Study for Meditation Mat

Study for Meditation Mat
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Sunday, 1 February 2015

Sixteen Candles: Thoughts on Teaching Bodhi 101

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Sixteen people braved the cold and ice yesterday to attend our third Bodhi 101 Yoga workshop, a class designed to introduce yoga to those who are curious about the practice, but not sure if yoga is for them. Sixteen lovely bodies, all different, from all age groups, some with experience, most with none. Women and men, big, small, tall, short, moved through the studio, discovering new ways to breathe and feel. Sixteen explorers, sixteen new candles to light the way into the world of yoga. Two hours flew by (for the instructors, at least).

I love teaching beginners' classes. It's wonderful to explore worlds I've come to know with others who are taking their first steps towards those worlds. Beginners bring fresh perspectives to every practice. Their questions are thoughtful and to the point. They challenge a teacher's ideas and methods because each new body and mind requires questioning our habitual ways of thinking and teaching. Not only does a teacher have to break down the stereotypes that many people have about yoga, she has to work at not reinforcing those stereotypes through her own practice. Beginning students keep us focused, humble and grateful. I always learn more from them than they can ever learn from me.

I'm fortunate to have a great teaching partner. Donna R. and I met at the studio several years ago, when we were both students. We encouraged each other to become yoga teachers and we took our training together. Among other wonderful attributes, she is quiet, reflective, thoughtful and organized. (I know how to be quiet, reflective and organized, but I tend not to put that into practice, sometimes.) We approach situations very differently, but our teaching methods fit well together. This is not a small thing - in the long stretch of time I've been teaching, I've co-taught successfully with one other person. Most teachers like their own classroom, their own stage and their own ways of presenting material. That's natural and good; in order to be an effective teacher, you must have the confidence to work alone. It's a special joy when you find someone whose rhythms are in sync with you and even better when you can carry them into a studio together.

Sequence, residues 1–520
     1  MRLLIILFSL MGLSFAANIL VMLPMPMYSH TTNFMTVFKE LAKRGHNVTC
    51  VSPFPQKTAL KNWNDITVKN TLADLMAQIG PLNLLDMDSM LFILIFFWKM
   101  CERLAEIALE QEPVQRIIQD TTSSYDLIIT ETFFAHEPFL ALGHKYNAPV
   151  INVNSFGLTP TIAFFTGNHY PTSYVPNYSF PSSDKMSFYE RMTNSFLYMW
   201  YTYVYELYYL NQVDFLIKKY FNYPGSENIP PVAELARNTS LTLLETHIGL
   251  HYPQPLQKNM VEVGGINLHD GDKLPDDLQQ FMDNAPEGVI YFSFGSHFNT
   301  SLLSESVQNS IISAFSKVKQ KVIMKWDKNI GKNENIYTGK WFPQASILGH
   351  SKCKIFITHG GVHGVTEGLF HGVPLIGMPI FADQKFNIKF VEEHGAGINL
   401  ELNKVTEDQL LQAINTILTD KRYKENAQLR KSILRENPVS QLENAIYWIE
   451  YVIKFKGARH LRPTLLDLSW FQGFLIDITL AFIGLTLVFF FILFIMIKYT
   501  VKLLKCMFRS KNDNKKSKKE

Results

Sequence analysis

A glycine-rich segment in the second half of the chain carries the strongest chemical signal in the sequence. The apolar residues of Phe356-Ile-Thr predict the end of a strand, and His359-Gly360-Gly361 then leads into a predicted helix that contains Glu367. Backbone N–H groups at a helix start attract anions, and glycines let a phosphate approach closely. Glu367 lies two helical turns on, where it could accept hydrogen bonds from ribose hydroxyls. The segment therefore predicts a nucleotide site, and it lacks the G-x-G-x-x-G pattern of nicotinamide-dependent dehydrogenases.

So, thank you to everyone who came out yesterday and thank you to Donna for being the best teaching buddy one can have. I'm doing it all again next weekend, at the Bodhi 101 Meditation workshop. (Donna will be away, playing with a new grandbaby. She will be missed.) If you're in town, please join us. (To register, you can click on the Bodhi Tree Yoga link to the right under "Sites I Like to Visit.") Let's light some more candles.


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